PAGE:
Week 24: Sabbath is coming

       
            On Monday, Kayla, Zach, and Sydni, who lives in the Alliance House and interned in the gardens last summer, attended a sustainability lecture at College Wesleyan Church. Matthew and Nancy Sleeth, who have been instrumental in the revival of the Sabbath movement, spoke about the physiological, psychological, and spiritual benefits of setting aside one day per week for total rest. Sydni, the only person in attendance who had made Sabbath a weekly practice, was able to share her experiences with the rest of the audience. The Sleeth's book, 24/6, goes into greater detail about Sabbath-keeping as a sustainable practice. 
            For the Alliance House dinner on Wednesday night, we hosted Dr. Chris Bounds from the Division of Theology and Ministry. We had all read his essay "God’s Redemption of Creation: Begun, but Moving to Culmination," which was published in Creation Care: Christian Voices on God, Humanity, and the Environment. Dr. Bounds said that it was theology that got him interested in sustainable practices: if God created the earth, then the earth deserves our utmost respect and care. We talked about the irony of current evangelical stances on environmental issues: that humans are more important than the earth, and that gives us license to do whatever we want with our resources. But towards the end of dinner, we talked about ways in which our individual churches are responding holistically and sustainably to ecological concerns like urban food deserts. With his belief in the power of parish ministry, Dr. Bounds helped us identify practical ways we can participate in God’s redemption of creation.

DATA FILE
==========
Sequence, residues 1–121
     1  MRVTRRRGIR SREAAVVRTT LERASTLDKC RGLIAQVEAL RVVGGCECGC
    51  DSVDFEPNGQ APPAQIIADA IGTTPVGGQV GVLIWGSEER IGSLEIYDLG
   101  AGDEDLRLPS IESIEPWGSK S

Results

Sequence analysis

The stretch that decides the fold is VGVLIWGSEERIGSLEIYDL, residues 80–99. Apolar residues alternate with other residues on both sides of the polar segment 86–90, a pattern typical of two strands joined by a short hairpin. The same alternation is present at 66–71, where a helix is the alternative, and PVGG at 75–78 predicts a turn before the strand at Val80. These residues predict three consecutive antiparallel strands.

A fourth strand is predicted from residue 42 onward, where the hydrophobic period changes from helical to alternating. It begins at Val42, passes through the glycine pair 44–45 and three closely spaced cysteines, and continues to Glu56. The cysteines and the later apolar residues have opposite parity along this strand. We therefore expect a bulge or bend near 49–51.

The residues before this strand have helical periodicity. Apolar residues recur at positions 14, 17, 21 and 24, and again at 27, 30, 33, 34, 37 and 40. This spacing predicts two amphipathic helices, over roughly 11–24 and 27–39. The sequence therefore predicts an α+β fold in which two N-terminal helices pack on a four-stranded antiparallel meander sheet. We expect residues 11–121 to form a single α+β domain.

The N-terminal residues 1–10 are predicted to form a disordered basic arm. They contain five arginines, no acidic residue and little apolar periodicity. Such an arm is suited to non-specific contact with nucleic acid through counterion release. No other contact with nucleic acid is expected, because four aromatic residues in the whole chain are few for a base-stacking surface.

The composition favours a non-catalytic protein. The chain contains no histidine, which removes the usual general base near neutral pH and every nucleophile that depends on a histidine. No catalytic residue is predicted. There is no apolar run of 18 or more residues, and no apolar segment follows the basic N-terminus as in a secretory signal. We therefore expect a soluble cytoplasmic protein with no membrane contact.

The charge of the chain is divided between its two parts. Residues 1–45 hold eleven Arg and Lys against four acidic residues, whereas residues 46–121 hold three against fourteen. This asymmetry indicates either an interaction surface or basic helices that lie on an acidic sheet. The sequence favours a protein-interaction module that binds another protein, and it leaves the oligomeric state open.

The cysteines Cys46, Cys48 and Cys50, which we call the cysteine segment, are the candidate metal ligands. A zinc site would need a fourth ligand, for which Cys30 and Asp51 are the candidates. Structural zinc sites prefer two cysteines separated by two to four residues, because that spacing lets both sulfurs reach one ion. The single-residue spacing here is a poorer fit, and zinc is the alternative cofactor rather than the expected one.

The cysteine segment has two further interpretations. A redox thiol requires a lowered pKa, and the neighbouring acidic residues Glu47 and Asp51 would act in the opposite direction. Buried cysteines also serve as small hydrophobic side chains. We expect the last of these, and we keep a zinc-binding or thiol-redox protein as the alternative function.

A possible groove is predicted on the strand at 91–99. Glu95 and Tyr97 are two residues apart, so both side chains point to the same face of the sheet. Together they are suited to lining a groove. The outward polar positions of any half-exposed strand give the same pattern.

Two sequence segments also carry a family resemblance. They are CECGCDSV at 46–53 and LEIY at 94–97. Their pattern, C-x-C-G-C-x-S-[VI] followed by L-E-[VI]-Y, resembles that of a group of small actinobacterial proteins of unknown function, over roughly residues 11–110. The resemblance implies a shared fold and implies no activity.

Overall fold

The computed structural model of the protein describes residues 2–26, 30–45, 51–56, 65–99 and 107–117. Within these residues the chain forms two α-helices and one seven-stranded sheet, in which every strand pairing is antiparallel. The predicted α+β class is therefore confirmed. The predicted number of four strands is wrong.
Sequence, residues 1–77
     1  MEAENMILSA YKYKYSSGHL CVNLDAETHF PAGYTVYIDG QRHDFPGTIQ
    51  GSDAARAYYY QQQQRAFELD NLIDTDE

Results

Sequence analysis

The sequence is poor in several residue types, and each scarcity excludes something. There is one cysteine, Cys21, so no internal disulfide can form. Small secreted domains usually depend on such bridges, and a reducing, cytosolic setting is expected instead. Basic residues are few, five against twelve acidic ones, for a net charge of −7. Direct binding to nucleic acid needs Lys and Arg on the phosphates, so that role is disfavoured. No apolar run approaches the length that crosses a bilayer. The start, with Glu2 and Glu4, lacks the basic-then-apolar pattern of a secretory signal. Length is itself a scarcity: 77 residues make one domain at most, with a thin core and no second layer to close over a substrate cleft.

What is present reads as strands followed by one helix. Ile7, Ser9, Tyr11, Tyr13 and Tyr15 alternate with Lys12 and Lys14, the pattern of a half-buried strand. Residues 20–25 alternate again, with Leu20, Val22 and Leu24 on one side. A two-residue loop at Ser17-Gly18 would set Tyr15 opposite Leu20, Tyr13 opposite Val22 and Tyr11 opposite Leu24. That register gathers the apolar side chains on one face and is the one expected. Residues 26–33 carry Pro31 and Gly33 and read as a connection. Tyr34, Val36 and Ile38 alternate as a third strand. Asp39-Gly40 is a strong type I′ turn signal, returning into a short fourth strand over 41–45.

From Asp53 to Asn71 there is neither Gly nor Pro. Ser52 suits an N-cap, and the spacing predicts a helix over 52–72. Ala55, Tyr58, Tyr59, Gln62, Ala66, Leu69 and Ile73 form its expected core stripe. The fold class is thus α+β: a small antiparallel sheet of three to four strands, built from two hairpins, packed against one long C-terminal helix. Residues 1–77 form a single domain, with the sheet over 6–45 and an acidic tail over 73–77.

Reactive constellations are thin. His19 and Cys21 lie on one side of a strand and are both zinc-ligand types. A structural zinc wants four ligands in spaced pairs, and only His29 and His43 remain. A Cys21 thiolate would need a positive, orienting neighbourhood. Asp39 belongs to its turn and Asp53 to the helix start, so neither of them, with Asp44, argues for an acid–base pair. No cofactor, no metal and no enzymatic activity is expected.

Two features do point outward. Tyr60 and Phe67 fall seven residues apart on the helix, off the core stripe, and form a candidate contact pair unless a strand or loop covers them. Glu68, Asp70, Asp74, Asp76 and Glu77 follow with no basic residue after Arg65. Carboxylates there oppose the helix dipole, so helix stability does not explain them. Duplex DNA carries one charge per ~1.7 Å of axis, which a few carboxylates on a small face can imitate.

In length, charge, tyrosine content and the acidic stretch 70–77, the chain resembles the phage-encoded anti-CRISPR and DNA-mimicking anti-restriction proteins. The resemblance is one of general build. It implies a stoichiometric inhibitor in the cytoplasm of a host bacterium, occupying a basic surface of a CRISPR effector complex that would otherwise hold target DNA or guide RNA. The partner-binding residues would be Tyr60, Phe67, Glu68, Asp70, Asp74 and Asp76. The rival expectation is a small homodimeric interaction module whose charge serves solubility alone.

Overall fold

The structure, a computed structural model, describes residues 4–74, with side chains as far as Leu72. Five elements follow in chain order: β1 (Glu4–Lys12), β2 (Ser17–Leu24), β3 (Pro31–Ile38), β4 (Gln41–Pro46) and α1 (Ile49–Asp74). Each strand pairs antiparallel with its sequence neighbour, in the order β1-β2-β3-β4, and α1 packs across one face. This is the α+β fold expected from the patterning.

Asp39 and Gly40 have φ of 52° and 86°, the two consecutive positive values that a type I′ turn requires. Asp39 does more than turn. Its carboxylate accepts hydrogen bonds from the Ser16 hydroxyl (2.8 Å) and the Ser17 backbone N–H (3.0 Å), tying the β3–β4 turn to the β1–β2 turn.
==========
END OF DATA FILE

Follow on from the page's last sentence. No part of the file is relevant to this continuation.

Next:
We spent several hours this week harvesting seeds. In a few years, we hope to have system such that we will not have to purchase seeds, and can even sell seeds to community gardeners. As we are still learning the process, we decided to save seed from only a few crops. This week, we harvested, cleaned, and dried seeds from our pumpkins, cleome, and lettuce. Pumpkin seeds in particular are valuable because we can roast and sell them at our produce stand.